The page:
Asian giant hornet (Vespa mandarinia)
The Asian giant hornet (Vespa mandarinia) is native to temperate and tropical eastern Asia and is widely distributed throughout northern India, Myanmar, Laos, Korea, China, Taiwan, Japan, and parts of Russia. The Asian giant hornet is very large, and measures about one and a half to two inches in length and may weigh more than an ounce. Colonies of these hornets begin in the spring when a single queen forms a nest underground in rotten tree roots or abandoned burrows. Above-ground nests are extremely rare but may occur in tree hollows, though still close to the ground. Nests in human structures are even more rare—Matsuura and Koike (2002) reported only three nests in human buildings out of 1,756 total nests observed. The queen lays up to five eggs per day and workers begin to emerge about 30 to 40 days (depending upon temperature) after colony establishment. Colony activity can continue for about six months and ends with the death of the queen in the fall. In the late summer and fall, reproductive males and new queens are produced, mate and disperse, and the new queens overwinter to start colonies in the spring of the following year. During the peak of colony activity, there may be as many as 150 to 200 workers per colony (Archer 1995).
Detection in North America
The Asian giant hornet was detected in North America in the fall of 2019 in British Columbia and Whatcom County, Washington, where it was probably introduced through international trade on cargo ships. It is unknown when the hornets may have been introduced. A nest in British Columbia was eradicated later that year (Garvey 2020), but the recent discoveries of queens in late May and June of 2020 in Washington State and British Columbia have renewed concern about the introduction. Modeling suggests that there is ample habitat suitable for Asian giant hornet in the United States, including the Pacific Northwest, Midwest, and the Eastern seaboard. Most of the inter-mountain West, desert Southwest, and plains appear to be less suitable (Zhu et al., unpublished). To date, the only confirmed sightings have been in northwest Washington State and adjacent British Columbia. All of the confirmed sightings have come from members of the public, demonstrating that citizen science is a useful tool for tracking this species. Suspect hornet sightings can be reported at agr.wa.gov/hornets or at www.eddmaps.org.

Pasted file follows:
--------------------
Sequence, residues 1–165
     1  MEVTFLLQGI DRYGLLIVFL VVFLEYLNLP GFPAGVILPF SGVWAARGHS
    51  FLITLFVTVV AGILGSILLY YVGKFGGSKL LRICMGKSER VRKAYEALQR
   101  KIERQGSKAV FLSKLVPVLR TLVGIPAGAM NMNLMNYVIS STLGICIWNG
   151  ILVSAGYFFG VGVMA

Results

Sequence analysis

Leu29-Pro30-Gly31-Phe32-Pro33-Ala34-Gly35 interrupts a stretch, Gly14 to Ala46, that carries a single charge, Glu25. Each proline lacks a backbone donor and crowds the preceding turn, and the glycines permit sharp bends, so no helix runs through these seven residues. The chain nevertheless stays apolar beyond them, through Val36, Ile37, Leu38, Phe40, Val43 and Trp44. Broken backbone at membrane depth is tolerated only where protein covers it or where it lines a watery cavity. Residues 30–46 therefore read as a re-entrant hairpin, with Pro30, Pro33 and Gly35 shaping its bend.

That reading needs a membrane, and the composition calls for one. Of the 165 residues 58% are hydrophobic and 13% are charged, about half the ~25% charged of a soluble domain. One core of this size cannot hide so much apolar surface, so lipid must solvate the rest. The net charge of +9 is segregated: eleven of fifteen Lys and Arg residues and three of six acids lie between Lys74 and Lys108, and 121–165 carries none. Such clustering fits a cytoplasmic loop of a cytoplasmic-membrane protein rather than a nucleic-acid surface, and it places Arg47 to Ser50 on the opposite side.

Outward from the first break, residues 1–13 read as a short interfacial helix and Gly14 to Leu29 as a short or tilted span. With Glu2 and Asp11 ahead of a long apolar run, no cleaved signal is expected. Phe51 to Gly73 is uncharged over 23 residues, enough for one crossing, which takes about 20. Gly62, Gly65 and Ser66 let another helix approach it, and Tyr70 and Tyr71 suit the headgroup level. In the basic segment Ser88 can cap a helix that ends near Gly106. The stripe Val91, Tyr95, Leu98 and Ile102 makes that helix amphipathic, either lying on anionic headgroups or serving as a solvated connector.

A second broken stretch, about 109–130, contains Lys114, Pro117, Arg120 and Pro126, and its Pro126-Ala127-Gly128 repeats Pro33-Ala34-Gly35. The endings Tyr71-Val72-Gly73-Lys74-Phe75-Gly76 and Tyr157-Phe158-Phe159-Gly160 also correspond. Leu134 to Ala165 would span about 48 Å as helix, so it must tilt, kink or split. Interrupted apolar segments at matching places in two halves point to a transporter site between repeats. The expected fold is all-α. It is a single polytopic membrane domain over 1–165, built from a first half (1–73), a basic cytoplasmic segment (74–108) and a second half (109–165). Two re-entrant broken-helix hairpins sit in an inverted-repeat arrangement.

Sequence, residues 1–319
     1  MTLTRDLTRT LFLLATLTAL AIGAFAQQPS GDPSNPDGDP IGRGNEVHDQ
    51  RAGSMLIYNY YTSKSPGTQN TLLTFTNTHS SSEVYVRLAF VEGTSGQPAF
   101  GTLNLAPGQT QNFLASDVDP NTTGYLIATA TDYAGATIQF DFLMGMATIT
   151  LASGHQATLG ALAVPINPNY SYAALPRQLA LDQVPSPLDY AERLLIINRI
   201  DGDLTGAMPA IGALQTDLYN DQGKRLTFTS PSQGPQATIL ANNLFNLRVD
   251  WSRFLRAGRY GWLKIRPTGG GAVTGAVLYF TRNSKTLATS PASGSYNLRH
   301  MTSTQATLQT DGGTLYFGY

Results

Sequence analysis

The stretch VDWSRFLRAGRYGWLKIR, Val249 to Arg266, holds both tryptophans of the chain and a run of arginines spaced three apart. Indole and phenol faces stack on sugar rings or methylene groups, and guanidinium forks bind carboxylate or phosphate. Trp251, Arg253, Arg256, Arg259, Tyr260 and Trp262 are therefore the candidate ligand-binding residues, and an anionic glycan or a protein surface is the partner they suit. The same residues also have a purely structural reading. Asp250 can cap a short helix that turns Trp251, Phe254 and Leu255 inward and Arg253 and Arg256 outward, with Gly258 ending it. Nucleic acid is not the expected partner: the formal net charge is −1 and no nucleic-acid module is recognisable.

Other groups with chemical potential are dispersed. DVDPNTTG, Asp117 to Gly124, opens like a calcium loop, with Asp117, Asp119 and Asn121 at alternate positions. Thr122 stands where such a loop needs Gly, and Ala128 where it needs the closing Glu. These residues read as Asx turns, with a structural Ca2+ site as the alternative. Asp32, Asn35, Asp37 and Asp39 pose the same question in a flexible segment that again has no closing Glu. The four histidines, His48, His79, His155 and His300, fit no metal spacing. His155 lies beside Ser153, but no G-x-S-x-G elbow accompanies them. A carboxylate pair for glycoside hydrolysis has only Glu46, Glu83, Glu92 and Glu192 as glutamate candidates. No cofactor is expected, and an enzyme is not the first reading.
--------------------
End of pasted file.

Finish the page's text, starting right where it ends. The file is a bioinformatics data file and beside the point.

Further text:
Are Asian Giant Hornets a Threat?
Asian giant hornets probably do not pose a serious human health risk. They will vigorously protect their nests if disturbed, inflicting a painful sting. While their venom actually has a lower acute toxicity than that of honey bees, each sting can administer large doses of venom due to the size of the wasp. The potent venom causes pain and swelling (Main 2020). Despite the toxicity and volume of an Asian giant hornet sting, human deaths caused by this species seldom exceed a dozen each year in countries where it is native.